Suns v. Portland (Part 2: Looking Back)

I thought we oughta go back and check out the three times the Suns and Blazers went head-to-head this season.

They first matched up on December 17th in Portland.  The Suns were starting to come down from their crazy 14-3 start, and were in the midst of a string of games they couldn’t figure out how to finish.  They led by 15 points in the third quarter and went into the fourth leading by 11.  But they were outscored 35-21 (!) in the fourth quarter and lost by 3.  Here’s how basketball-reference.com’s four factors looked:

So the Suns outshot the Blazers, but had more turnovers, gave up too many offensive boards, and didn’t get to the line enough.  That sums up just about every Suns loss this season, doesn’t it?  And then I remembered this game.  Here’s why:

You see what I see?  Yeah, that’s right…Alando Tucker played nine minutes.  I’d say that’s a pretty solid recipe for a loss right there.  But Richardson was out, Barbosa was out, Lopez wasn’t even a thing yet (and yeah, I know Lopez won’t play in this series and Barbosa may not do much, but Richardson being out was a big deal [and no, I'm not making excuses about losses due to injured players, Rip City folk.  I know you guys know from injured players this year.  I'm saying that this is a different Suns team now]).  I know that every game matters, but when you’re talking about what’s going to happen in upcoming games, it’s not necessarily useful to overanalyze games that were played when these teams looked completely different.  Right?  Right.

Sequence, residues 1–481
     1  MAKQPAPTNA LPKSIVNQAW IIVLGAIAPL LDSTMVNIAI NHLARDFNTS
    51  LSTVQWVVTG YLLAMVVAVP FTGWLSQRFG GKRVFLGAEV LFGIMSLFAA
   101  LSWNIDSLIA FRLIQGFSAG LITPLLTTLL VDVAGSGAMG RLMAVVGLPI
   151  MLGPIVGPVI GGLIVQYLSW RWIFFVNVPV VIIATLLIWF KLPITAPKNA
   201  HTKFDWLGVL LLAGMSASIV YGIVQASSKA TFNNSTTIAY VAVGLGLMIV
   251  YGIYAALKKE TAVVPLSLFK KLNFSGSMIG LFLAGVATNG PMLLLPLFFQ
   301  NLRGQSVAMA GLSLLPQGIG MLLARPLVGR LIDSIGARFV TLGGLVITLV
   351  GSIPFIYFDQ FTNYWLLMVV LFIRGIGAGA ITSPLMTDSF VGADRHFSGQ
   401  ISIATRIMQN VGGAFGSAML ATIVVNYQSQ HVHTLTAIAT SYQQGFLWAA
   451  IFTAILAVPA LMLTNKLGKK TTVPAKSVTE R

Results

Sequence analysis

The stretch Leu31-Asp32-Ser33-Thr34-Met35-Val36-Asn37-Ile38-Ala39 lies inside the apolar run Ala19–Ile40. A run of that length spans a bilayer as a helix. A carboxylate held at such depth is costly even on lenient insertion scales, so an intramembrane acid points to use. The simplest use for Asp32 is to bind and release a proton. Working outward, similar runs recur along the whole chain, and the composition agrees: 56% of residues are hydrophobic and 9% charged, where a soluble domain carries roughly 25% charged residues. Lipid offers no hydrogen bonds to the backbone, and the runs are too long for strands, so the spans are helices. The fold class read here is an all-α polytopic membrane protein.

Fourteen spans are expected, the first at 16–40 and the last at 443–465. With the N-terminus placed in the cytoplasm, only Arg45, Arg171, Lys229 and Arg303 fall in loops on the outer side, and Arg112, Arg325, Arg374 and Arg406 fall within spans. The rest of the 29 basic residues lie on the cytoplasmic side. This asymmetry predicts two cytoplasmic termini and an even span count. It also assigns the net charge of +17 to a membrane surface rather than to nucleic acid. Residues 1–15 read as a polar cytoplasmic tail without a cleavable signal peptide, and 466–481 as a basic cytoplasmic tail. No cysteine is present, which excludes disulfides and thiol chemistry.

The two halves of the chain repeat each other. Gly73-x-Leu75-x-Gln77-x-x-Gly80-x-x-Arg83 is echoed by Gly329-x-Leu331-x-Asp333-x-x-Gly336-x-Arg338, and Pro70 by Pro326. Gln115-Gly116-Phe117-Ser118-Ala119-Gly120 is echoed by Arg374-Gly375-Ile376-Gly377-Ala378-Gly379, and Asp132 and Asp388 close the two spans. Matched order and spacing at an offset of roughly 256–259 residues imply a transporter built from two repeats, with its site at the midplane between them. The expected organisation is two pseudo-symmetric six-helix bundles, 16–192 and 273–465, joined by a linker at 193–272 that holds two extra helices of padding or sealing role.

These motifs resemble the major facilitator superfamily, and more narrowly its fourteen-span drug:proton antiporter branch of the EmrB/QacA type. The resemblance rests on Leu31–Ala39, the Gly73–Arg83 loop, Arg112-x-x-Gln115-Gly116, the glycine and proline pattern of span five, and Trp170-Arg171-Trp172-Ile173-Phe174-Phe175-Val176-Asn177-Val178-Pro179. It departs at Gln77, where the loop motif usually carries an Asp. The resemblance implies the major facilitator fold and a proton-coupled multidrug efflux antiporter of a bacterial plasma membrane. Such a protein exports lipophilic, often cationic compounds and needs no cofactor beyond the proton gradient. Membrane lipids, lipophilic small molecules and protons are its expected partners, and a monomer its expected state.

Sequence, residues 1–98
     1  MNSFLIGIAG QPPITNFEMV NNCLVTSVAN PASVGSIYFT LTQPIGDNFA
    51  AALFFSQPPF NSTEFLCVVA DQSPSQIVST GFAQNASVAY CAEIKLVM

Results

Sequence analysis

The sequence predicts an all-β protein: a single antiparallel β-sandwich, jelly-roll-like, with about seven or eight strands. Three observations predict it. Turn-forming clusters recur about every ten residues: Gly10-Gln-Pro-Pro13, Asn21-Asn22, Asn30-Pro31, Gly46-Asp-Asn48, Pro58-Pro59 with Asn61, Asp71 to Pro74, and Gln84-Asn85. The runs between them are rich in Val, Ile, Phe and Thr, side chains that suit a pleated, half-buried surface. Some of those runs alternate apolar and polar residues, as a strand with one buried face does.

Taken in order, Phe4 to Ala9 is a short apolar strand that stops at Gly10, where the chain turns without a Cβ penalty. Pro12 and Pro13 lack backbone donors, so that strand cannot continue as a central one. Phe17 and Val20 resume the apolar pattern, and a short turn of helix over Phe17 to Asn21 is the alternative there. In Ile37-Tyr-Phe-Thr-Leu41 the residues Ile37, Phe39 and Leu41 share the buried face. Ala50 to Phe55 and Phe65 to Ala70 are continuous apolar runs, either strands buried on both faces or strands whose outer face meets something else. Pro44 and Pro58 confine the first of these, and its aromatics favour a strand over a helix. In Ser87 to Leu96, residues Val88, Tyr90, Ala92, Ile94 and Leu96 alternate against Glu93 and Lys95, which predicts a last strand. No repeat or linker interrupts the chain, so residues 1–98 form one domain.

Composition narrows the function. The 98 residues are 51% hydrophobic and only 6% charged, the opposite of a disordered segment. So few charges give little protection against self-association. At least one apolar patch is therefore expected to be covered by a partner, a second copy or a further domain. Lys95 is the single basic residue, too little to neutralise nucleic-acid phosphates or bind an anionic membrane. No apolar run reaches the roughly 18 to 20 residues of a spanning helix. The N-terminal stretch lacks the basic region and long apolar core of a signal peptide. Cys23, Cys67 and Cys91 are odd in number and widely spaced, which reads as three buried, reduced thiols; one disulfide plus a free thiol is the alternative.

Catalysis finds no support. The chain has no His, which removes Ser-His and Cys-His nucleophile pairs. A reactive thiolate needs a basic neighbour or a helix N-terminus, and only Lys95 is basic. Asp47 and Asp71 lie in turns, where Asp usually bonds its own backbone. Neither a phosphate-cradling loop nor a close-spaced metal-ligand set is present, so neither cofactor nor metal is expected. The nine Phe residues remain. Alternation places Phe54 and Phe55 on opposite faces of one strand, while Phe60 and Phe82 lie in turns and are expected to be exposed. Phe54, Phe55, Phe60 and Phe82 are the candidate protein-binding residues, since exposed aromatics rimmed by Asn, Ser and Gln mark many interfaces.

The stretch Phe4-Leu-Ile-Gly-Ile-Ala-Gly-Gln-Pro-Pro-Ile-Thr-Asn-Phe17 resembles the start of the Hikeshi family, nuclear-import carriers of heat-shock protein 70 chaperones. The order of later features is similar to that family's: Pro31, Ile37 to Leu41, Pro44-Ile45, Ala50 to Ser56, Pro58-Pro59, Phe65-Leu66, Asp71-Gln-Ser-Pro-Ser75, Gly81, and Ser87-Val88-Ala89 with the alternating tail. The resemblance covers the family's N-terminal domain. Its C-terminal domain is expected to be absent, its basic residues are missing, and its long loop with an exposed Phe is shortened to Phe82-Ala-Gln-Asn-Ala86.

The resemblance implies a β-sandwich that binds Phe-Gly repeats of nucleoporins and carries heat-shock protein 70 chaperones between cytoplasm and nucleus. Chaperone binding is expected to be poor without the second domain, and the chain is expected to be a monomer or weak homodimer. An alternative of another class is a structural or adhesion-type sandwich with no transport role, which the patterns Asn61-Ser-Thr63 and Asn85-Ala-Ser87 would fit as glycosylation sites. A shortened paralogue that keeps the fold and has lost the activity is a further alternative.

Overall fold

They met up again on February 10th in Phoenix.  This was the game where Phoenix had 4 days off before the game, which was immediately followed by the All-Star Break.  Portland had just played (and lost to) Oklahoma City at home.  The game’s lineups looked much more like they will during this series, as Roy was out for Portland (thought they did not yet have Marcus Camby).  Lopez played, but was a big pile of nothing (8 and 5).  You would’ve thought that, had I told you the halftime score was 60-44, that the advantage would’ve been for Phoenix (being rested and with Portland on the second of a back-to-back).  You’d be wrong.  Dummy.  The Suns only put up 20 in the first quarter, Portland led comfortably at the half, and the All-Star Break was on.  Four factors?